Given the state of the 2013 White Sox, it is more fun to think about the future instead of the present. Last night the White Sox, not possessing any of the competitive balance picks, had one pick in the first round, and one pick in the second. For those picks, they selected the junior college shortstop Tim Anderson with the 17th pick overall, and followed it up with Tyler Danish, using the 55th overall pick on a high school RHP.
Tim Anderson is a familiar pick for the White Sox in the sense that he was a two-sport athlete. Anderson possesses very good speed and athleticism, and apparently does well hitting for contact. This is the product of a slappy swing, which sacrifices power for putting the ball in play. Scouts seem divided on whether he will be able to hit for power at all, but the safe bet seems to be that if he does contribute on offense will be with a singles-doubles-walks profile. I am excited to see a great tools/athletic type pick who shouldn’t have trouble making contact once he has adjusted to more advanced opposition, as opposed to the Courtney Hawkins / Josh Fields / Jared Mitchell mold.
I’m a little frightened by how often I’m seeing some variant of the phrase, “needs improvement against offspeed pitches.” But given how much the White Sox have struggled with developing hitters, Anderson is a bit of a change of pace in what they need to work on in some respects. Anderson turns 20 in a few weeks, and he is still quite raw. Hopefully he can single/double/run his way out of low and high A as quickly as possible so that he can get the reps he needs against AA/AAA pitching where the breaking balls are far more sophisticated.
Anderson has the tools to stay at shortstop – whether he will or not remains to be seen, and I’ve seen his arm described as “serviceable,” and as a liability. There’s a chance he winds up at 2B or CF instead. Keith Law had him ranked as 37th overall on his Top 100. Baseball America says that there will be a very serious discussion as to whether he will be the White Sox #1 prospect next year.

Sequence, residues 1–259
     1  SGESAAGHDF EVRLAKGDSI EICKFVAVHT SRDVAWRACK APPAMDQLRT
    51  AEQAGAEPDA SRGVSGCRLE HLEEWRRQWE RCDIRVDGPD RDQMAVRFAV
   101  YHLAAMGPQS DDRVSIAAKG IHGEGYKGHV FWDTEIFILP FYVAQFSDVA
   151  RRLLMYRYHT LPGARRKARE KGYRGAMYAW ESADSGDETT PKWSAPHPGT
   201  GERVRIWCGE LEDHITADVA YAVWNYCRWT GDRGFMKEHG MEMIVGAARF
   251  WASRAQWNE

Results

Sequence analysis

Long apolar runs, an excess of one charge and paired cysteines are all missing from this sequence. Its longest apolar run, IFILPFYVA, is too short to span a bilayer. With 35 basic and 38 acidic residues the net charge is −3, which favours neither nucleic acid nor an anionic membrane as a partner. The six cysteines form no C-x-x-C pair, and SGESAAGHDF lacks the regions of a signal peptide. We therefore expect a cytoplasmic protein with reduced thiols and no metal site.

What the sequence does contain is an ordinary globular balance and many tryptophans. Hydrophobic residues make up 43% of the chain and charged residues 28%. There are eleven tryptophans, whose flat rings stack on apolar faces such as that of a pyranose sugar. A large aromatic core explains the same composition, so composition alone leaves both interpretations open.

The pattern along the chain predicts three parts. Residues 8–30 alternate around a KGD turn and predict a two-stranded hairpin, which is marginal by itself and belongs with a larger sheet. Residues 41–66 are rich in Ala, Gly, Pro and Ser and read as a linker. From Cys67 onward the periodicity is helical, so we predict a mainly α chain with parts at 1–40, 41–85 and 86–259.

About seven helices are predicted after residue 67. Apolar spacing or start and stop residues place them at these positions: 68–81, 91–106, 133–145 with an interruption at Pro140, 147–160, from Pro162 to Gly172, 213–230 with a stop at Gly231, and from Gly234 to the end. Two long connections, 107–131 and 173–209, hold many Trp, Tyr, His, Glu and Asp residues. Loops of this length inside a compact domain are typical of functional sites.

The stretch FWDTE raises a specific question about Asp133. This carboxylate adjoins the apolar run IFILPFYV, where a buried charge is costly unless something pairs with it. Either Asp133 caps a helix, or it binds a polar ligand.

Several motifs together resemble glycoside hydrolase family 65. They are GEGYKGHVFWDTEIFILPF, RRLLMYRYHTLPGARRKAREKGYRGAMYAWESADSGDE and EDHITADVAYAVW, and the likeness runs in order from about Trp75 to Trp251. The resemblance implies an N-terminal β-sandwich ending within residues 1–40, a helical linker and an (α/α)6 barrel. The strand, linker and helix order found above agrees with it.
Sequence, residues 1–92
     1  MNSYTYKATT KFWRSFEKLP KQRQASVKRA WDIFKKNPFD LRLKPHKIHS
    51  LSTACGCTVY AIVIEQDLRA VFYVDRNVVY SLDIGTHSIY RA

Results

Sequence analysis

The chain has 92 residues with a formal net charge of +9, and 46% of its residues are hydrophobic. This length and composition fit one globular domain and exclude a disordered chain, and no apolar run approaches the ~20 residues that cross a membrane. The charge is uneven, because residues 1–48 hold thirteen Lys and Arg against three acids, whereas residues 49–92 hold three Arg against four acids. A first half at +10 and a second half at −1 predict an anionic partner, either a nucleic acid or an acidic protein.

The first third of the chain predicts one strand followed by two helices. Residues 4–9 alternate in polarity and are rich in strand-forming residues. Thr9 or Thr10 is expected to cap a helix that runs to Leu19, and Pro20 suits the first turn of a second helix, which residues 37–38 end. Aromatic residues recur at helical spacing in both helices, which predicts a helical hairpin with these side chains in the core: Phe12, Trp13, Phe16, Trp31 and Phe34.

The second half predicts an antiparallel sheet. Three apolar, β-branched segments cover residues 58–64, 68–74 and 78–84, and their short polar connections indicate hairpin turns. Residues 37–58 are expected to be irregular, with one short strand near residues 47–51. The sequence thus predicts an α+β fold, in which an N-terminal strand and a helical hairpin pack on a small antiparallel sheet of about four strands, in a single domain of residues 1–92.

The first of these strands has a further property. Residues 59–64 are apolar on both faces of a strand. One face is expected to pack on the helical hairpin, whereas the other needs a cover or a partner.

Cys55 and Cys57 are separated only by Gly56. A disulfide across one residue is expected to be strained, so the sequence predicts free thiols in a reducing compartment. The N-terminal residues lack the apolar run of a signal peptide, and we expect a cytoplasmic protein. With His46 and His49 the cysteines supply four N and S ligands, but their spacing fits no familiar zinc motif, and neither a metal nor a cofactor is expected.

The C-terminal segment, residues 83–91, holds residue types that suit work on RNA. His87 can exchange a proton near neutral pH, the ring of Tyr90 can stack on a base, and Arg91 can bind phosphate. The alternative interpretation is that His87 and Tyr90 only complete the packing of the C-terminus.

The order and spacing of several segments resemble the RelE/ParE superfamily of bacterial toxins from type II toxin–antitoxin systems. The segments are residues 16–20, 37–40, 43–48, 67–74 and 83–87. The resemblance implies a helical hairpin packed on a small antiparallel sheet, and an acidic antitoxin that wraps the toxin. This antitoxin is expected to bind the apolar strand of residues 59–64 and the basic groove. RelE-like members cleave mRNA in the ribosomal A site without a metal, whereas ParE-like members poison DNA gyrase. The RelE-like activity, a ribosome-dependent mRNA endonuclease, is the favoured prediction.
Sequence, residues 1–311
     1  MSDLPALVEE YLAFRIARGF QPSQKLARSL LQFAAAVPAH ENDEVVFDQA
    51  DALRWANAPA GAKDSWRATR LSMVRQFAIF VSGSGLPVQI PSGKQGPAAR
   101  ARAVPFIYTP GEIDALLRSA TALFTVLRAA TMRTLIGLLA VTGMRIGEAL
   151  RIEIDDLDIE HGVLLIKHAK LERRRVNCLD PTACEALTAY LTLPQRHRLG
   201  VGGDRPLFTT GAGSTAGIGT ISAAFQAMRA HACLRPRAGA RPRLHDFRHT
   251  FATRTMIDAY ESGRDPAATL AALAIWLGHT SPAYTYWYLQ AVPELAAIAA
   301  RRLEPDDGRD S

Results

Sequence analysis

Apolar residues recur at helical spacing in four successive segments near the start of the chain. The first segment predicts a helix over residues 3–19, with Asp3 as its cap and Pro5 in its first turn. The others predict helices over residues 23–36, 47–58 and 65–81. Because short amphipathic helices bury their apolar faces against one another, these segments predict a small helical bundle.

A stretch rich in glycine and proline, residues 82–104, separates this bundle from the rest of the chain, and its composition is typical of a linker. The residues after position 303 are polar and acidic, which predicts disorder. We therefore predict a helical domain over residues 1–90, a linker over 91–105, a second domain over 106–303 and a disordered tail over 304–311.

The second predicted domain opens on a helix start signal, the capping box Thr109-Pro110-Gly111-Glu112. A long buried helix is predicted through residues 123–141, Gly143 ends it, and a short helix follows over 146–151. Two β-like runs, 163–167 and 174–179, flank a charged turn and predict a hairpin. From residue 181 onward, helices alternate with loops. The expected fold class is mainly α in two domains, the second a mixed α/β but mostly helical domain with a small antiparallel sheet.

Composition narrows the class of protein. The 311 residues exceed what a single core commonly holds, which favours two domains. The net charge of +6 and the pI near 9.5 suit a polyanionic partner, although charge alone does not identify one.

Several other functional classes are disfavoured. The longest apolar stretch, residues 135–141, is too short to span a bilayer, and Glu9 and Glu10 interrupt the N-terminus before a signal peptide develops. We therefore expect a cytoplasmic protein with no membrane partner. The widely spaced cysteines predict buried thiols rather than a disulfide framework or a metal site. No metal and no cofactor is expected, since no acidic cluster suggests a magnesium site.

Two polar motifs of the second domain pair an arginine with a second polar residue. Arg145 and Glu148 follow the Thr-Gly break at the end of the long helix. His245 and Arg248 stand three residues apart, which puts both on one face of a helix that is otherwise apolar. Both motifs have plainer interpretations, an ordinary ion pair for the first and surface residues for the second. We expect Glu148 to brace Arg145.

The White Sox wound up passing on some interesting names here – Aaron Judge was a candidate, a 6’7” outfielder with tremendous power potential who actually has the speed to acquit himself well in the outfield would have been a fun project. A pair of high risk, high reward arms like Ryne Stanek and Sean Manaea were available, although they would slide past a whole lot of organizations who really know what they’re doing so I don’t know that I blame the White Sox for going with the position player at a valuable position. It’s also difficult to speculate as to what’s going on with some of these players health-wise.
Tyler Danish makes a good first impression due to his silly name. Danish is listed as 6’1” 185 but is apparently “shorter and heavier” than that. He’s a wonky pitcher, who throws 90-93 with very good movement and sink on his fastball, and he pairs it with a plus slider. The problem is that his is a very low three quarters delivery with strange arm action. The result is that he gets deception and movement, but scouts are worried that it’ll get him hurt. Anytime I see a delivery that isn’t close to over-the-top from the right side I worry that they’ll never be able to get opposite-handed hitting out.
Danish supposedly has very good feel for his secondary pitches, and he even varies his arm slots from time-to-time. I always loved it when pitchers could pull that off, a la Orlando Hernandez and David Cone.
Almost everything points to Danish being a reliever – his height is also problematic – although there’s a chance he’s a good one. Danish also has a commit to Florida. He did not appear on Law’s Top 100, although he was 96th on Baseball America’s Top 100 for the draft as of a few weeks ago.
If nothing else, the White Sox are taking some chances and clearly have some different evaluations than some of the prospect lists I’ve seen. And when you draft high school players, the chance that they change their profile is greater than with college ones – it could be that there is quite a bit of room for development with Danish. We’ll have a much clearer idea of how well or poorly the White Sox did in a couple years.